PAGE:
• Inspections and maintenance
    • Emergency planning
  • Identification and evaluation of major hazards and risks are clearly proportionate in the site’s risk management approach.
  • Employees and contractors are aware of the risks associated with their work and their role in controlling them.
  • The site risk assessment and individual process risk assessments are fully documented, including the process followed, results and information used to produce the outcome. Control measures and associated actions recommended by the risk assessment should be documented including follow-up (when and how they were implemented).
  • There is a systematic selection and application of risk assessment methods and the consequence analysis was conducted by a competentexpert.
  • The off-site risk is communicated transparently to senior management and all stakeholders.


Management of Change (MoC)

Seveso site operators often are not sufficiently aware that failure in the management of change is one of the most common causes of accidents.  Every accident that occurs is proof that the safety management system is not 100% working to control the risks as it should.  Sometimes the accident may be caused by latent errors, that is, from a change that was implemented many years ago but never communicated or documented or assessed in any way, and the associated risk only became evident when the accident occurred.

The MoC policy should address all the following elements:

  • Each responsibility, that is each step of the procedure, should be assigned to specific job functions. These responsibilities should include authorisation, initiation, and approval of the risk assessment process and also for the change process selected following the risk assessment. The policy should also include a process to verify that the change was implemented as recommended by the risk assessment with the recommended control measures in place (if any) and that safe operation can take place.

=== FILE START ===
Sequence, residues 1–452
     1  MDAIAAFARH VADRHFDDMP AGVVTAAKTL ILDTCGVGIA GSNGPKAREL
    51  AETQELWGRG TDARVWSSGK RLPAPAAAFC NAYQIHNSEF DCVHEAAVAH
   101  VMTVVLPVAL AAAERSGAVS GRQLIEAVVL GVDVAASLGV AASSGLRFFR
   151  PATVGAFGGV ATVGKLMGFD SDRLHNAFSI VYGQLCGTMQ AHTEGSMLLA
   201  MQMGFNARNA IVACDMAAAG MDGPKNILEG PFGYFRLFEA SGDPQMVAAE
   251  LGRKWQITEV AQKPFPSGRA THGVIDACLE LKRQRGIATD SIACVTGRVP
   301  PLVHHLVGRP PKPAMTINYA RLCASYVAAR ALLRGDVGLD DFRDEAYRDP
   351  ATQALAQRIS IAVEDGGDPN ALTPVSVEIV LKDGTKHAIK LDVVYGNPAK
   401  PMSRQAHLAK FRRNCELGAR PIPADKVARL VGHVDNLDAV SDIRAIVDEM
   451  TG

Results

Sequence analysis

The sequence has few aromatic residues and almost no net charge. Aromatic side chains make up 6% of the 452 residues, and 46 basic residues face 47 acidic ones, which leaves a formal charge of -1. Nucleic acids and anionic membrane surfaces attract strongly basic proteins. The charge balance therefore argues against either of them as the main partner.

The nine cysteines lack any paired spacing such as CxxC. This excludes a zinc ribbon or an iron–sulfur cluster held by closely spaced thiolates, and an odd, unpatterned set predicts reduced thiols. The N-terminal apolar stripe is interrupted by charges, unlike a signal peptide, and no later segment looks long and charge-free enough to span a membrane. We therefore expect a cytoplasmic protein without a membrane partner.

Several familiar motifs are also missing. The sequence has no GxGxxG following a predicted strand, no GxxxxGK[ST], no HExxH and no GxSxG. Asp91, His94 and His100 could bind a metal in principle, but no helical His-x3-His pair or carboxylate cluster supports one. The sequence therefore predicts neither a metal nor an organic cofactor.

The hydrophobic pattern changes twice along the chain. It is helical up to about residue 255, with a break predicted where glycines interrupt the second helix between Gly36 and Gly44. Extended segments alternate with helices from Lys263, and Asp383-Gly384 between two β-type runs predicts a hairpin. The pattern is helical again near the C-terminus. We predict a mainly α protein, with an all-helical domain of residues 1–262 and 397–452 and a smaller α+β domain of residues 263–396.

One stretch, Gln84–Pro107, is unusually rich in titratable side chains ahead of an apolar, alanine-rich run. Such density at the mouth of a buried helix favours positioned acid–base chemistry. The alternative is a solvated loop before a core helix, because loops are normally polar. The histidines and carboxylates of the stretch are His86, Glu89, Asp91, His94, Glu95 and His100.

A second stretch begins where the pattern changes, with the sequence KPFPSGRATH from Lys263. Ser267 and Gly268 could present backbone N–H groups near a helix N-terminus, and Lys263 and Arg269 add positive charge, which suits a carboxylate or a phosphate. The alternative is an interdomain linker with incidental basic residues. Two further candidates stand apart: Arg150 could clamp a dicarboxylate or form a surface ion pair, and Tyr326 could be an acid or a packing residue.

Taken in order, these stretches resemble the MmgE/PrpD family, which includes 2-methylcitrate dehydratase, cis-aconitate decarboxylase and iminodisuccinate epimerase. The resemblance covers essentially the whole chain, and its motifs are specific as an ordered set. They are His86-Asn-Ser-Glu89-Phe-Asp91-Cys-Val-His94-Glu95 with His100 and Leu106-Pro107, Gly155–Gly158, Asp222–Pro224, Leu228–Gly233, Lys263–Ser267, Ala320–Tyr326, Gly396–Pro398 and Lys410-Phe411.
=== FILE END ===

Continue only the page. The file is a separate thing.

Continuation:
• The entire process should be transparent from the point that the change has been identified as a potentially safety relevant change all the way to the final step which should consist of verification that the change has been implemented correctly.
  • The required competencies of all involved in the MoC process should also be specified.
  • The system should address whether permanent changes and temporary changes are handled differently – often permanent changes are documented better than temporary ones.
  • The policy should require documentation of the change and verification that the change has been documented. All relevant written operating procedures should be modified as necessary to reflect the change.
  • Changes to process drawings as a result of the MoC should be considered as part of the documentation that may need modification. Often accidents have occurred due to work being carried out using an incorrect drawing.
  • The process for communicating changes should be outlined, including the specific job functions that should be informed and for what purpose.